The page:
Easter, the moment of attention to the passion and resurrection of Christ, was not just a fest on its own that could be celebrated at a whim. on it hung the whole of the Christian year, with Lent and Pentecost around it. It was also, for Edwin of Northumbria, one of the rare moments for the entry of new members into the Church by baptism in which they, personally, after instruction, put on the living and dying of the Lord Jesus…

In his first book on the calculation of time, [Bede] linked the calculation of the date of Easter with the created world in detail: the pasch, he says, is celebrated “when the equinox is passed, that the shadow of death may be vanquished by the true light… at the turn of the moon, to show how the glory of the mind is turned from earthly things to heavenly ones… on the Lord’s Day, when the light shows the triumph of Christ and our own resurrection.” (Bede, “De Temporum Ratione” ch 59)

In his letter to Nectan [king of the Picts] he adds, “We are commanded to keep the full moon after the vernal equinox, the object being that the sun should first make the day longer than the night and then the moon can show to the world her full orb of light because the ‘Sun of righteousness with healing in his wings’ (Mal 4:2), that is, the Lord Jesus, overcame all the darkness of death by the triumph of his resurrection.” (Bede, Ecclesiastical History, bk 5 ch 21)

There was nothing there that any Irishman would object to. Why some of the Irish and also some of the English differed from the new Roman missionaries was not a matter of alternative symbolism or theology or biblical study, but of calendric calculation. It was not, as Wilfrid suggested at Whitby, because they were Quartodecimians… The Irish calculated Easter in a perfectly orthodox manner; the problem was that they were using lunar tables which had reached them from Rome and were made by Victorius of Acquitaine on a 95-year cycle, and were less accurate than those which had replaced them, that is, those of Dionysius the Small… Other differences caused the date sometimes to coincide, sometimes to be a week apart, sometimes four weeks apart. To Anglo-Saxon Christians such differences were intolerable and after 664 they, and most of the Irish, agreed to observe the new Roman Easter; by 731, even the conservative Iona had followed suit.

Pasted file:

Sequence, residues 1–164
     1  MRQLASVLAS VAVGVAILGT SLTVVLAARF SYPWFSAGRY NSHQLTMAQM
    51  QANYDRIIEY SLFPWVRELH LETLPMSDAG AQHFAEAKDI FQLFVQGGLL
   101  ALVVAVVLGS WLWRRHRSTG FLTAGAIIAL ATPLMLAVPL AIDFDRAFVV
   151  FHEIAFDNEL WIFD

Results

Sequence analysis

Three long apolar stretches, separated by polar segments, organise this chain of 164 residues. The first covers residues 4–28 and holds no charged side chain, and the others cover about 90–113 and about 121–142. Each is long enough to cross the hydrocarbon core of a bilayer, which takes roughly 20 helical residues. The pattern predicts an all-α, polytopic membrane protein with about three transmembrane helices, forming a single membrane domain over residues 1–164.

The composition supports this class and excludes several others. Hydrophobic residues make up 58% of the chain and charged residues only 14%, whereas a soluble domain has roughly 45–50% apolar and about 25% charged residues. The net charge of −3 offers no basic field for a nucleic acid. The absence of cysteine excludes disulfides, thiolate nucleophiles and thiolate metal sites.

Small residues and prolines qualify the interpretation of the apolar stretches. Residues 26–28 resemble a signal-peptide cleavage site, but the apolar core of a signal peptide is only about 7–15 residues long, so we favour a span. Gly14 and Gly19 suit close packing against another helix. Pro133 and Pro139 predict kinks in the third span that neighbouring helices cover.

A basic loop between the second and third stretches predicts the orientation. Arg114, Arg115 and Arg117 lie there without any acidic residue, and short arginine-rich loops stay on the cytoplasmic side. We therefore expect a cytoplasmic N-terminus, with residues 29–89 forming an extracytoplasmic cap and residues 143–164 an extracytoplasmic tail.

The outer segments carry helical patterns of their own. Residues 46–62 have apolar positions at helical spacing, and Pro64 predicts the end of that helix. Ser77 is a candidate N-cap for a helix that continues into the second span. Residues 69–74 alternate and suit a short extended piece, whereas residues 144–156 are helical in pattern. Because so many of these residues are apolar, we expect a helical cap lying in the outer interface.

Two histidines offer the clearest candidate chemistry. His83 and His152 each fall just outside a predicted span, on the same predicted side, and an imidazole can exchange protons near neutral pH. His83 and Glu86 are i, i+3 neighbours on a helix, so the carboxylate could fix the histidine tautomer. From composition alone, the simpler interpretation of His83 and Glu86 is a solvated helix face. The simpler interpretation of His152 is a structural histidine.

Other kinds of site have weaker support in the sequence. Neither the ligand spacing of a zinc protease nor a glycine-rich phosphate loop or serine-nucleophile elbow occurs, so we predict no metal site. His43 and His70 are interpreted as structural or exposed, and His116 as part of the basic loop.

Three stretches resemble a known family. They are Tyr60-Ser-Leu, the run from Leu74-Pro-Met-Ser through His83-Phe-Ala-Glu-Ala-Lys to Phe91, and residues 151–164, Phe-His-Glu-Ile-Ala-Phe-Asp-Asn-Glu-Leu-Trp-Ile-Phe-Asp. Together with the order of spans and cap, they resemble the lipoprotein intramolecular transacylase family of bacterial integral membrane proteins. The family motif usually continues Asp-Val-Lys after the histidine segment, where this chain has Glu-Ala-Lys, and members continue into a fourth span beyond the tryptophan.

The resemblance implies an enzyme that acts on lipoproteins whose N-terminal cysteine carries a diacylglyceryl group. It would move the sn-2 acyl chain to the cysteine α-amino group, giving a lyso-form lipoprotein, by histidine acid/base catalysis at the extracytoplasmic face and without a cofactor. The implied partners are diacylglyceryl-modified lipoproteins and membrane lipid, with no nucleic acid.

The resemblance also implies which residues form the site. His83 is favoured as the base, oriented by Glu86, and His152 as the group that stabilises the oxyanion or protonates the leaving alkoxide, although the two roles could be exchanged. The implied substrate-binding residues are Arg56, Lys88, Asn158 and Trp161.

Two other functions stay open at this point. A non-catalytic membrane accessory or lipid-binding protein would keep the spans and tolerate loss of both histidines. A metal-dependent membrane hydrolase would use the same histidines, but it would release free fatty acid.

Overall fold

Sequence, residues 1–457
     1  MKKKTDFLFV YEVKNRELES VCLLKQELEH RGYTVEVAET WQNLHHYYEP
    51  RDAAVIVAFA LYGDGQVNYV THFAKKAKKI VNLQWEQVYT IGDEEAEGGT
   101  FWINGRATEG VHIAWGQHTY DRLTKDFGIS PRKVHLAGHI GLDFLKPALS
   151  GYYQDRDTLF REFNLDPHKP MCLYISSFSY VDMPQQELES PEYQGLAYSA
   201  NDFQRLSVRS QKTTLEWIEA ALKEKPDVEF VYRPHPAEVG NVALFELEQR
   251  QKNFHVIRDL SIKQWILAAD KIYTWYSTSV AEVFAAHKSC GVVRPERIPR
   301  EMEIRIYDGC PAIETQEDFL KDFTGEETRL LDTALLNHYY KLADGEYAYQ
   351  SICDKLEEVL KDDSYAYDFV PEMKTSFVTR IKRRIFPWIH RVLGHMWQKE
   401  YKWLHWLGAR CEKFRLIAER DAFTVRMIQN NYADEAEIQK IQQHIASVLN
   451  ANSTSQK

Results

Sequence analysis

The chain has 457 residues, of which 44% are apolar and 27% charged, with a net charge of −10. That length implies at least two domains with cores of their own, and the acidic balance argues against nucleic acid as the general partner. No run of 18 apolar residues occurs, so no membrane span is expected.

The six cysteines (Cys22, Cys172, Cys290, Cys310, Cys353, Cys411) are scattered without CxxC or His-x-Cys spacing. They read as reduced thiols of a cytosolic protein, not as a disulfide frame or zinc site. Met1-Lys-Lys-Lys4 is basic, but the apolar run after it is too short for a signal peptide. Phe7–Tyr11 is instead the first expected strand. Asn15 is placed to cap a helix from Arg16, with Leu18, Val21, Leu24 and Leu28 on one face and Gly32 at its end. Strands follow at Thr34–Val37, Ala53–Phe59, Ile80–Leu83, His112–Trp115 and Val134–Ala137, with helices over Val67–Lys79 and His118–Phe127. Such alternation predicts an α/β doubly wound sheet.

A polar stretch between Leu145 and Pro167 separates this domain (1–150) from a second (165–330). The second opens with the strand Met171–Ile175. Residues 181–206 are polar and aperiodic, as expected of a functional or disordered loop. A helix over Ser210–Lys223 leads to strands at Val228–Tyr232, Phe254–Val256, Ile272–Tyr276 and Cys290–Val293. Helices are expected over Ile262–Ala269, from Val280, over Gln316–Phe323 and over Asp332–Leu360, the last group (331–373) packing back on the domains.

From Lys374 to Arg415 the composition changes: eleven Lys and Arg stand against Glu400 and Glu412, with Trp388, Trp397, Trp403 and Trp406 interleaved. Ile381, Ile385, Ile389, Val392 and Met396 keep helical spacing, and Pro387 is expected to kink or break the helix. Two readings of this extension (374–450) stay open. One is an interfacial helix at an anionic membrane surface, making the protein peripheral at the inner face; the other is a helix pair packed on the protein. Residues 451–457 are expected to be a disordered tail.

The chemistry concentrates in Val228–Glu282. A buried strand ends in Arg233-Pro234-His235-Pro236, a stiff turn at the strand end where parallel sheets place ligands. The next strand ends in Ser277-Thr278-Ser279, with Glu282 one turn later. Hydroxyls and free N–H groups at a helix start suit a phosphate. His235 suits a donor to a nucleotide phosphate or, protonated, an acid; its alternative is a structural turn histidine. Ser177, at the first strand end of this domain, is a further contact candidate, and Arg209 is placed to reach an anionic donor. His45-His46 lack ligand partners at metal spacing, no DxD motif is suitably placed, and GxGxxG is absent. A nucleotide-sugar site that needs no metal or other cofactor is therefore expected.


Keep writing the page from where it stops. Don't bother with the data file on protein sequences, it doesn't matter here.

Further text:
That was the point of discussion at Whitby. When we look at who said what and why, it was all more mixed-up than at first appears. It was not a matter of the arrogant men from Rome baring their teeth at the simple Irish at all. At the Council of Whitby, who supported each side? There was no clear-cut division in terms of nationalism.

An epitome of the mingling of traditions was seen in Hilda, the hostess of the occasion. (ibid, bk 4 ch 23) Hilda was an Anglo-Saxon princess (614-680), younger daughter of Heretic, nephew of Edwin of Northumbria… Hilda was brought up at the court of the Saxon Edwin. One sister, Hereswith… married the Saxon king of East Anglia, and then became a nun at the convent of Chelles in Gaul. Hilda was baptized with Edwin and his court on 12 April 627, aged thirteen, in the new church dedicated to St. Peter in York by Paulinus… She was thus by birth one of the Saxon invaders, and her first experience of Christianity was of that brought by the Roman missionaries. In 647, twenty years later when she was 33, Hilda decided to be a nun and went to her nephew in East Anglia for a year, planning to go join her sister in the Gaulish convent at Chelles. But she came to know and revere the missionary from Iona, Aidan, and he persuaded her to stay in England, first as part of a new group at Hartlepool. Then when the abbess Heiu left for a life of greater seclusion, Hilda became abbess. She was given charge of Aelfflaed, one-year-old daughter of King Oswiu of Northumbria, after his success at the battle of the Winwead. Two years later Oswiu gave her more land at Whitby, where she ruled a new monastery…

Hilda was hostess to the Council of Whitby where, under the influence of Aidan and Colman, she inclined at first toward the Irish side. Possibly there was a personal antagonism between her and Wilfrid, since she later accused Wilfrid to Rome in the last year of her life. Hilda died in 680, the year in which Bede entered Wearmouth. In her life there is a mixture of Anglo-Saxon, Roman and Irish elements which blended together imperceptibly.

No clear line can be drawn about others, either: Cedd of the East Saxons had been consecrated by the Irish but acted as a careful and impartial interpreter at Whitby; King Oswiu, who called the council, had been baptized by the Irish and spoke Irish but accepted in the end without hesitation the new Roman calculation. Wilfrid himself, the architect of the Roman arguments and the first Englishman to appeal to Rome, had been educated in the Irish monastery of Lindisfarne. Agilbert, who ordained Wilfrid priest, though born in Gaul had been educated in Ireland. Prince Aldfrith, who was a friend of Wilfrid, gave him the abbey of Ripon, but only after offering it to Cuthbert and Eata of Melrose, ‘who followed the Irish ways’… Aldfrith, son of a Saxon king, was a learned man, educated in Ireland, who exchanged land with Benedict Biscop in order to have a book of cosmology…

So almost everyone at Whitby had close and friendly contact with both Roman and Irish missionaries; it was not a clash of opposites, but an argument between friends on a matter the importance of which united them far more than the details divided… In this matter of the Easter date, what needed sorting out were errors of calculation, whoever did it. And likewise with conduct: no one was to be judges as Roman, English, or Irish: such divisions were not appropriate.

Author: Father Silouan Thompson